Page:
It also proposed certain amendments to the Foreign Exchange Management Act

The Special Investigation Team (SIT) on black money has initiated the process of collating details on all the major cases of such nature probed by various enforcement agencies.

In the initial rounds of meetings, the SIT is focussing on the investigations conducted by the Central Board of Direct Taxes through the I-T Department. The other agencies have also been asked to share particulars of the cases wherein unaccounted-for money is suspected to have been stashed away abroad.

Sources said with a view to taking concrete steps, the SIT has also proposed certain amendments to the Foreign Exchange Management Act (FEMA). On the lines of punitive provisions in the Prevention of Money Laundering Act (PMLA), the proposition is aimed at introducing a clause empowering the investigating agency to attach properties.

As per Section 4 of the FEMA, “No person resident in India shall acquire, hold, own, possess or transfer any foreign exchange, foreign security or any immovable property situated outside India.”

It is learnt that, to plug the “loophole” in the existing legislation, the SIT may propose attachment of assets of accused persons in India, equivalent to the value of properties acquired by them abroad.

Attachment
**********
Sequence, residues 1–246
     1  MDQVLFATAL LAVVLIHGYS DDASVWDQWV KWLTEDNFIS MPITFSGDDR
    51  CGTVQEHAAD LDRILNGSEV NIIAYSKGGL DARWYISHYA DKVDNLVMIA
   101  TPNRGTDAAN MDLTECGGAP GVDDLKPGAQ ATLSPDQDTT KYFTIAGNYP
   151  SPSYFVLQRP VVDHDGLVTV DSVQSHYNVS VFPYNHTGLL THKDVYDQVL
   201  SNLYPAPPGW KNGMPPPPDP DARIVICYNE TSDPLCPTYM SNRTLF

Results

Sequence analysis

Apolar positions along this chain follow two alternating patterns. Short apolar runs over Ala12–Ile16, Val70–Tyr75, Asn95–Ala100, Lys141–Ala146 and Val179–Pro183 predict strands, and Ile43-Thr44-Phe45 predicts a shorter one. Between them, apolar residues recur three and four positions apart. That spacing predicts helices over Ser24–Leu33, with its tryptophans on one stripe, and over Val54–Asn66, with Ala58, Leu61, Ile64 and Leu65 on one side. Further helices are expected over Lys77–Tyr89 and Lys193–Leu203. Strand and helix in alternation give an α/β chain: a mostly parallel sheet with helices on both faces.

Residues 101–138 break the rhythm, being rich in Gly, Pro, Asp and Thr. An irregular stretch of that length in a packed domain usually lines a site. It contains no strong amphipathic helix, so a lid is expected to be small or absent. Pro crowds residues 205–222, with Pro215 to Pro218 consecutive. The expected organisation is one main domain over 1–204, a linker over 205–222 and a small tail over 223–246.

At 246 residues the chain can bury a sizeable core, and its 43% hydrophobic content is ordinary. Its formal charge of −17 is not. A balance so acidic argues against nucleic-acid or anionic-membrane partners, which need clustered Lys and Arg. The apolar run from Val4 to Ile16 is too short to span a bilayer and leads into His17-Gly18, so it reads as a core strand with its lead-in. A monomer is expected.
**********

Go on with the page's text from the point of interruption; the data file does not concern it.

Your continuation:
Under PMLA, the Enforcement Directorate has in the kidney transplant racket case been successful in getting the Melbourne assets of prime accused Amit Kumar attached by the Australian authorities. The proposed amendment would enable the probing agency to make attachments under FEMA too. Offences under FEMA are presently of civil nature.

The SIT is also exploring all possible solutions to resolve the problems caused by the secrecy clause in the information exchange treaties with other countries that restrains the recipient agency from sharing inputs with others.

Owing to multiplicity of agencies, sources said, comprehensive investigations into the money trail and effective prosecution of violators for a range of contributory offences can be possible only when critical information on entities who stash away unaccounted-for money abroad is followed up jointly by all the agencies concerned.

Reluctance on the part of several countries in sharing information in response to letters-rogatory (judicial requests) is another issue on the agenda.

Based on their past experiences, agencies in their individual capacity have been devising ways on a case-by-case basis to meet the criteria laid down by different countries to obtain information. But, they refuse to share inputs in many cases simply because the offence committed in India is not a crime there.

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